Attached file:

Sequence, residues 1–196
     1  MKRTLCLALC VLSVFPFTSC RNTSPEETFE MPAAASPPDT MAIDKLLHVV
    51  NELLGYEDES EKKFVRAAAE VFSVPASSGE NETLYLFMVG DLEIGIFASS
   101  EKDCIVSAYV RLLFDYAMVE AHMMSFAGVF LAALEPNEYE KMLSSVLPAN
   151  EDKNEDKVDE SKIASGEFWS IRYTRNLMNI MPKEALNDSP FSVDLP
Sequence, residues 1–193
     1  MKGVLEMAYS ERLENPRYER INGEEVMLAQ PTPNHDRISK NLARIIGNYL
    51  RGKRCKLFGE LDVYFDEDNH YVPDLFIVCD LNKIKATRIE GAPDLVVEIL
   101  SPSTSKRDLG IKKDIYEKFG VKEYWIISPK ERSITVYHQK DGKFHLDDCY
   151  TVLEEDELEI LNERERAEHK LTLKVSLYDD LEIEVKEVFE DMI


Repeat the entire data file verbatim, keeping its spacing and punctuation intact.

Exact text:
Sequence, residues 1–196
     1  MKRTLCLALC VLSVFPFTSC RNTSPEETFE MPAAASPPDT MAIDKLLHVV
    51  NELLGYEDES EKKFVRAAAE VFSVPASSGE NETLYLFMVG DLEIGIFASS
   101  EKDCIVSAYV RLLFDYAMVE AHMMSFAGVF LAALEPNEYE KMLSSVLPAN
   151  EDKNEDKVDE SKIASGEFWS IRYTRNLMNI MPKEALNDSP FSVDLP
Sequence, residues 1–193
     1  MKGVLEMAYS ERLENPRYER INGEEVMLAQ PTPNHDRISK NLARIIGNYL
    51  RGKRCKLFGE LDVYFDEDNH YVPDLFIVCD LNKIKATRIE GAPDLVVEIL
   101  SPSTSKRDLG IKKDIYEKFG VKEYWIISPK ERSITVYHQK DGKFHLDDCY
   151  TVLEEDELEI LNERERAEHK LTLKVSLYDD LEIEVKEVFE DMI